Over the past year, I have had to persevere through many injuries. And by persevere, I mean stubbornly continuing to work out with injuries when I shouldn’t have been…
It all started in December 2013, around the time that thingsstarted to click for me. I had always been slightly envious of runners in that they could do their exercise whenever, wherever, and that they had entire events (races) centered around their exercise. On top of that, how freeing would it be to run around, wind blowing through your hair, finally having a chance to be alone with your thoughts? With these thoughts in mind (and partly because my roommate was doing it and had seen success), I decided to start doing the Couch to 5k program.
At first, I wasn’t even in good enough shape to do week 1 of the program, so I started out by running certain parts of my route in order to work my way up to starting week 1. This was a wonderful plan, until I decided Maya, my dog, should join me so she could get some exercise as well. I love my dog, she needs exercise, and lots of cool people run with their dogs… so why not? I don’t think most of these dogs have Rottweiler bodies and Basset Hound legs though… which equals super awkward running.
Maya is a very hyper dog, and at around two years old at the time, was still in her puppy phase (to tell you the truth, she kind of still is) and, if dogs could be diagnosed, had a definite case of ADHD. I had to be very careful when running with Maya, because she would suddenly try to dart off in a different direction and her 50 pound body would drag me with her. I tried to be good about holding her leash well and tugging a little when she needed a reminder, but one day I just got really into the run and forgot. Maya caught a whiff of something, darted off to the left, and my body overcorrected and my right ankle twisted. I figured it was just something that happens and continued on.
I tried running a few more times on it (by this time, I had gone home for Christmas and was trying to run there, where there are a lot more hills than the very flat area I live in) but the inside of my leg, near my calf, was in excruciating pain. At first, I attributed it to being a normal pain, but eventually it became obvious that something was wrong. My soon-to-be doctor roomie diagnosed it as being a high ankle sprain.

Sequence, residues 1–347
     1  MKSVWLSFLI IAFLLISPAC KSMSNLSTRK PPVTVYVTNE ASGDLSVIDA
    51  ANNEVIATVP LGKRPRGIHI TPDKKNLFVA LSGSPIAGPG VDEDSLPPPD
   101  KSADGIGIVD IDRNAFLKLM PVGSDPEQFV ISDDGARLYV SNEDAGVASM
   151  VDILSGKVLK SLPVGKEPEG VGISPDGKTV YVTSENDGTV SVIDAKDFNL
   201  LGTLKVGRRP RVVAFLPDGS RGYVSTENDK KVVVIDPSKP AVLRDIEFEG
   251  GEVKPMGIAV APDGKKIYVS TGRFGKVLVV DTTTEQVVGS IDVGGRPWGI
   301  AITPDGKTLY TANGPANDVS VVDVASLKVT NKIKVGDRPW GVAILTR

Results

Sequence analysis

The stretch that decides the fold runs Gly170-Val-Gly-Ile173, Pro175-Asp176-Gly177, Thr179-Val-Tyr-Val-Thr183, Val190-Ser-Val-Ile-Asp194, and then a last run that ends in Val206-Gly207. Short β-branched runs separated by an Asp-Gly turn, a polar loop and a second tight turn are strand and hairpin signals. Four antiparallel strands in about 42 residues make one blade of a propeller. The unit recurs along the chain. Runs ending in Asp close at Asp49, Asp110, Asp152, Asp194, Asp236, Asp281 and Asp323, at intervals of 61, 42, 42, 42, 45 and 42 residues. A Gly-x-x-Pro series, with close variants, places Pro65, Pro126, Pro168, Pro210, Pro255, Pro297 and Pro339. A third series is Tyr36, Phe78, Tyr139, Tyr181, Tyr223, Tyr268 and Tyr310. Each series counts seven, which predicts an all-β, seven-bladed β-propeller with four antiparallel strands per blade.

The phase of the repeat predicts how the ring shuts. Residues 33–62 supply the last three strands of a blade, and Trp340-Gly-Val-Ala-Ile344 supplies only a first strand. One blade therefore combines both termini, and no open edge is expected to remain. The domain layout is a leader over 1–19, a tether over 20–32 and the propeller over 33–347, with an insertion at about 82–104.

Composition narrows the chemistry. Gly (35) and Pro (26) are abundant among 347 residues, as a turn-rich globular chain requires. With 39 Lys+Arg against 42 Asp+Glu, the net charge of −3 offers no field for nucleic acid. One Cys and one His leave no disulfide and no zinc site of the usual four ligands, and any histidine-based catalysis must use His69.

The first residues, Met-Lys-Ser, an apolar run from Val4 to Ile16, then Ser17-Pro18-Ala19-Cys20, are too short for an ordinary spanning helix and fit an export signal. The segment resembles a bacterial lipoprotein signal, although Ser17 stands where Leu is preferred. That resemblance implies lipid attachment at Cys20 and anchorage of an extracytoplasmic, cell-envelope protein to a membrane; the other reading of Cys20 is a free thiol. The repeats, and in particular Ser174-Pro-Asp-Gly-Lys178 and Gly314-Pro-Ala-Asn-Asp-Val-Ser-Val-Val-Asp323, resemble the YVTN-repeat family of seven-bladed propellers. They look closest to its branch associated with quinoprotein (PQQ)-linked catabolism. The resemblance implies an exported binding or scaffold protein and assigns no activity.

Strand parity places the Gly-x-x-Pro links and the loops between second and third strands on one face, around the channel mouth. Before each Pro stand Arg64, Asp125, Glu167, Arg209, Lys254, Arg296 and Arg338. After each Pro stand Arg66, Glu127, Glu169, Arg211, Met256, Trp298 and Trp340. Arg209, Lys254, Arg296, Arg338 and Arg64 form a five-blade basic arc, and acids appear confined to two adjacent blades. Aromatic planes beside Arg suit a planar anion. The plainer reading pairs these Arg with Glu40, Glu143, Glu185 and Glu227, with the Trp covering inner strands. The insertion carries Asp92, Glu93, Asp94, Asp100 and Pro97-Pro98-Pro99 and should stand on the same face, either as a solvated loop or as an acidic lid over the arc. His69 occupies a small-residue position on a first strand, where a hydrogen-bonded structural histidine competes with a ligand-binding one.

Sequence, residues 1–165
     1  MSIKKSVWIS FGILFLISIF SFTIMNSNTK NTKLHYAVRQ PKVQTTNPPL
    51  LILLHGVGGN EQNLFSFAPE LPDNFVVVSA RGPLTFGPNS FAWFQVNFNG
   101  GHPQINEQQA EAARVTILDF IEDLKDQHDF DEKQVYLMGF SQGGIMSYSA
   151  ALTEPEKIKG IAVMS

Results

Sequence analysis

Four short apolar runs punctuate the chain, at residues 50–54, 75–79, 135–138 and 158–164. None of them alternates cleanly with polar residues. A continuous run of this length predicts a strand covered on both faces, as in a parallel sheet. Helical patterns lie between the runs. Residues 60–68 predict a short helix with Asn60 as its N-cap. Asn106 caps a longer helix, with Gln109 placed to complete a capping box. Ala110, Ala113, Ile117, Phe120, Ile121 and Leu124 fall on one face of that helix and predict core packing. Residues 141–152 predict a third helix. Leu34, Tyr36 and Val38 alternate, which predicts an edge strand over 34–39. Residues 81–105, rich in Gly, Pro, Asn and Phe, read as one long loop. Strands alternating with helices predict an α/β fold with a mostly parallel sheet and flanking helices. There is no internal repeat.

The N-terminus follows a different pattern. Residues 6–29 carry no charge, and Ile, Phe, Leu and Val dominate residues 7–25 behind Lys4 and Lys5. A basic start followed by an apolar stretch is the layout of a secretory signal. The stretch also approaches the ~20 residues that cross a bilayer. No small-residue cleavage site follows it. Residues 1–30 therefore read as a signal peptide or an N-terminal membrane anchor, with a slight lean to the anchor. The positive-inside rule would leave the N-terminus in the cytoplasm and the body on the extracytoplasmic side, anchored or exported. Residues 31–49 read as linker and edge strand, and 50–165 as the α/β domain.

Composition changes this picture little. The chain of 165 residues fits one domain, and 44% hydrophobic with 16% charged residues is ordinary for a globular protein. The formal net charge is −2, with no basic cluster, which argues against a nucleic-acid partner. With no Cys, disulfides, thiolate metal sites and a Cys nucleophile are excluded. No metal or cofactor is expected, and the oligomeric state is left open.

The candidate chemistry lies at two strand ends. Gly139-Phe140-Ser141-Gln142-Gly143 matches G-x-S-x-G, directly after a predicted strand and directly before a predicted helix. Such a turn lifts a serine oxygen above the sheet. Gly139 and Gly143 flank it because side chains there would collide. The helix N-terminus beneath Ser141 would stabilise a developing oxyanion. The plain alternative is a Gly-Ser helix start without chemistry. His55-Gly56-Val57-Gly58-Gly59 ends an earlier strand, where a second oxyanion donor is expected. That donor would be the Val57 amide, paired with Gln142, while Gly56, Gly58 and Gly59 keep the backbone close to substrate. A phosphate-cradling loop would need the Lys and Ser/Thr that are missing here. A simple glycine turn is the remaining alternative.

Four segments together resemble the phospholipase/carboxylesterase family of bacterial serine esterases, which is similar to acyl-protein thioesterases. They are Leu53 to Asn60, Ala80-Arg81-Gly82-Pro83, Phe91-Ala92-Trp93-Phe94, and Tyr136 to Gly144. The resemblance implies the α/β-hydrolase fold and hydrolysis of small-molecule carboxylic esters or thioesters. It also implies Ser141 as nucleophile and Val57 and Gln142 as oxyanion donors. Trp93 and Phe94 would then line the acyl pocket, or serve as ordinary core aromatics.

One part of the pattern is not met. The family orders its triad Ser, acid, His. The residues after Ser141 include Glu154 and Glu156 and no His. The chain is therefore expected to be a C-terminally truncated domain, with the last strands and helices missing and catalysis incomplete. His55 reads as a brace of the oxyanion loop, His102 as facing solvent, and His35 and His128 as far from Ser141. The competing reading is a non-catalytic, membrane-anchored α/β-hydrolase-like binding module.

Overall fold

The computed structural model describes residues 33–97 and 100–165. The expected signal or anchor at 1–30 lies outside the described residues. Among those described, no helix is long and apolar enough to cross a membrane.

Me being new to the running scene and never having had an injury like this before, I figured if I just took a week or two off, I’d be good, right? WRONG. A bad high ankle sprain can take months to heal and I had worsened the injury by continuing to run on it.
So here I was, not even a month into my new fitness routine and had all the motivation in the world, but my body was not cooperating. But I am stubborn and figured I’d still be alright exercising. I did stop running on it for the most part (except when I would do 5Ks—don’t do a 5K when a sprained ankle like me, people!) and instead would speed-walk almost daily. Maya was much easier to control on these walks and we were still getting some exercise. I went back to the gym and started using the elliptical and weights and was making good progress without hurting my ankle too much (I still would recommend taking a better break than I did). I also started getting really into Les Mills’ Body Flow, which was nice because there was no impact.
As I started walking with Maya more, I decided to start doing our walks in different places so that we could see some new scenery. We were walking on a trail one day, when I stepped on a stick wrong and twisted my left ankle. Luckily, this time it was the lower part of the ankle, which heals a little bit faster. But now I had TWO sprained ankles. Did I stop working out? No. Because I’m stubborn (or just not the brightest crayon in the box haha).